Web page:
Photo courtesy: Justin Sullivan

But will it keep the regulators at bay?

By Kia Kokalitcheva
December 1, 2015

Home-sharing startup Airbnb will begin sharing some of its data about activity in New York City with city officials, the company said on Tuesday.

Airbnb, which lets hosts rent out space in their homes to paying guests for short or long terms, has come under fire from regulators for enabling some hosts to run illegal businesses that skirt hotel regulations. Airbnb on the other hand, has largely denied those allegations, and resisted sharing data about its customers, arguing that it would breach their privacy.

So as a compromise, Airbnb said on Tuesday that it will share anonymized data about almost 60,000 listings in all five boroughs of the city with government officials. The data covers all active listings as of November 17 and also includes information about listings, active or not, from the past year. In doing so, the company’s goal is to convince regulators that most activity through its service is by regular folks who are renting out spare space now and then, often to make ends meet, rather than the greedy landlord scenario that’s been often painted.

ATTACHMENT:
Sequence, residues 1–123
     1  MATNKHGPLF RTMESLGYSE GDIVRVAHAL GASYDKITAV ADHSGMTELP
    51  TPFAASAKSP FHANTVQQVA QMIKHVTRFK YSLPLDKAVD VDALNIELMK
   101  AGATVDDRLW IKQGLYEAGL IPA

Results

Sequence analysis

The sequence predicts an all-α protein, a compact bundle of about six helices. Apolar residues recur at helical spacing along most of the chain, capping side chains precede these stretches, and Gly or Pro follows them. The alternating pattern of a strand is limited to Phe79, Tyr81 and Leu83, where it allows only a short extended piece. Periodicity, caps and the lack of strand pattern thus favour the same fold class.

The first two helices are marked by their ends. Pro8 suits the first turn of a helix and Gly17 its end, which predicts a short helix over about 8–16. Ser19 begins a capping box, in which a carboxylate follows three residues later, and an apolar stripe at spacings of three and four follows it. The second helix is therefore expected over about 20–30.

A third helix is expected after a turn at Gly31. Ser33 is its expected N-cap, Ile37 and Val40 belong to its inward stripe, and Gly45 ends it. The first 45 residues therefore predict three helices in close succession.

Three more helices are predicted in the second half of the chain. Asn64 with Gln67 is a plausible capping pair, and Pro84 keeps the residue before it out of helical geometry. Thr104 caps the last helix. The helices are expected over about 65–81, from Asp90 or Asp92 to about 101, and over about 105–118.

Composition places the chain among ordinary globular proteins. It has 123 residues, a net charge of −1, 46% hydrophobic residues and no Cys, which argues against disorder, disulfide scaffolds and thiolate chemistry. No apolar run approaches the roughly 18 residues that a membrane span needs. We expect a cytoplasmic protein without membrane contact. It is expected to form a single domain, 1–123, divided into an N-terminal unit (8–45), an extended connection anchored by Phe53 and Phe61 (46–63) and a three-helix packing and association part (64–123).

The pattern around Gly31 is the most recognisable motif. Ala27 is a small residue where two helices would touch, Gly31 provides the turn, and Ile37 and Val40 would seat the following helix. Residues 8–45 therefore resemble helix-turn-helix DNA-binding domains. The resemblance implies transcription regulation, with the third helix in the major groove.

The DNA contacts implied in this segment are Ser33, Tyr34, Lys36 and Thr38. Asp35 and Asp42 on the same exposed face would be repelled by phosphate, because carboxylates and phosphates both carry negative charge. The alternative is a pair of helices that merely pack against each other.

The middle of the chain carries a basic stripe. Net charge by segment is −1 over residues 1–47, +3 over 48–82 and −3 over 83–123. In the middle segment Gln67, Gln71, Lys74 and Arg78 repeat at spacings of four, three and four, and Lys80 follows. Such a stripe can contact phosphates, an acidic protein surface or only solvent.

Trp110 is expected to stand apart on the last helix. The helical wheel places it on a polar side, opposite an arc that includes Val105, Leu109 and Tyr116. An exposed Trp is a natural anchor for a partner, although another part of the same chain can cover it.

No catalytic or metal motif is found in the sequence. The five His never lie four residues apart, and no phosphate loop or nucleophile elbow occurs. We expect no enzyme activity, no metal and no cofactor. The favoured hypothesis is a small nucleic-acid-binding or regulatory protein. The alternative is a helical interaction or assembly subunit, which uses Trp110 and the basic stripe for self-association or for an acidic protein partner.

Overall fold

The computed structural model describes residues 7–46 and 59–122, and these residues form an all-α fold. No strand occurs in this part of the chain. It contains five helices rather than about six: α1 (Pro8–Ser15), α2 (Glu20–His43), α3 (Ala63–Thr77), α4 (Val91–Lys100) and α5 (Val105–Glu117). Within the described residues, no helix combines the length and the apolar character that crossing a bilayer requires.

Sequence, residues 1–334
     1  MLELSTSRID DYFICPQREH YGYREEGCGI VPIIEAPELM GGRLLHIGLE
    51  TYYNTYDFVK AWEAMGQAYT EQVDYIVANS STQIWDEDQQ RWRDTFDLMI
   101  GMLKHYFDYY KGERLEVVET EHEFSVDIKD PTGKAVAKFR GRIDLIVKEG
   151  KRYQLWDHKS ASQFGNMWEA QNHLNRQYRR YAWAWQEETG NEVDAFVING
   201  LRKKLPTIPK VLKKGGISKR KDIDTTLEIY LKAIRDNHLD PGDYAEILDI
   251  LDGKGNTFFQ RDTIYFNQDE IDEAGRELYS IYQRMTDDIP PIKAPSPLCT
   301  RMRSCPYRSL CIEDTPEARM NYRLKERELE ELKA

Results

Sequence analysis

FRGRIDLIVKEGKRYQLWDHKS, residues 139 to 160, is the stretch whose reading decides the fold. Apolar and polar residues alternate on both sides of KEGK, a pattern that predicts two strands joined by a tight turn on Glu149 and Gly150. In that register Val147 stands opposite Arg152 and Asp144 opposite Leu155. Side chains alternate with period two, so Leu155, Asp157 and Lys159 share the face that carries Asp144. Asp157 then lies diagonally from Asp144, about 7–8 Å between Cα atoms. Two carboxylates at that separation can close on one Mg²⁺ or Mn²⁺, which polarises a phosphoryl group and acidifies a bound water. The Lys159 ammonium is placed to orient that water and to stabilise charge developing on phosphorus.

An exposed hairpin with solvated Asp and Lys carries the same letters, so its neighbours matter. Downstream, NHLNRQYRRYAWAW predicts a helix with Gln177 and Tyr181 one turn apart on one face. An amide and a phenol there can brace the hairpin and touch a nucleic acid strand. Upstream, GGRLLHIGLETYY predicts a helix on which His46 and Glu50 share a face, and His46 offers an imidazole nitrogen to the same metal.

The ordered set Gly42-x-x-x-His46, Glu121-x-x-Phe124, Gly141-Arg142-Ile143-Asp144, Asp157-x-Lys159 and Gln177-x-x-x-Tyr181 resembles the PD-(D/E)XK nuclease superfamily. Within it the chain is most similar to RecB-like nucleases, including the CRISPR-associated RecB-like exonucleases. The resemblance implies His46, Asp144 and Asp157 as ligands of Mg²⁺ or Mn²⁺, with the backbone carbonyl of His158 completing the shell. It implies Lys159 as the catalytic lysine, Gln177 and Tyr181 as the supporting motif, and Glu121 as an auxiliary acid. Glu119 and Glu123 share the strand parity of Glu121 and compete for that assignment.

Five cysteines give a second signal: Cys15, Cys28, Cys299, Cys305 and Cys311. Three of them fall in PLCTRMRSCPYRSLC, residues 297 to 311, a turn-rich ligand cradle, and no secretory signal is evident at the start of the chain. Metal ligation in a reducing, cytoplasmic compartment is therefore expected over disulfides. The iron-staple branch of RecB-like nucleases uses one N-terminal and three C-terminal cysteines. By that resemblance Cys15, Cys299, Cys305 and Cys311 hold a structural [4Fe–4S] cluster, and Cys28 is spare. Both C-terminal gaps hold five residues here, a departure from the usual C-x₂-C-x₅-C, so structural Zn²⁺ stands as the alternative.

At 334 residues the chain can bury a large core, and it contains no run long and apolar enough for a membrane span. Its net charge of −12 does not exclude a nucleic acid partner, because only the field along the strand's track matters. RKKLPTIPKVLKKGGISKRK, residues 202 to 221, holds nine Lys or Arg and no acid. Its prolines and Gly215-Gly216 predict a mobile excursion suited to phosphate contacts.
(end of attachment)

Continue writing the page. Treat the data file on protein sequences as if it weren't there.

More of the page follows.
For each listing, the data will include information such as the type of listing (a room or entire unit), the host’s earnings, number of nights it was rented, information about its zip code, and how many properties a host currently lists through the service. However, the data is only accessible by making an appointment at the company’s New York City office, according to the New York Times.

This isn’t the first time time Airbnb has shared data about its hosts with New York City officials. After a long battle with New York State attorney general Eric T. Schneiderman, it handed over anonymized data about some of its listings in May 2014.

In early November, following a victory over a ballot measure in San Francisco that would have impose sever restrictions on its business in the city, Airbnb released a statement outlining its commitment to working with cities and their policies, though it offered little specifics about how it would do so at the time.

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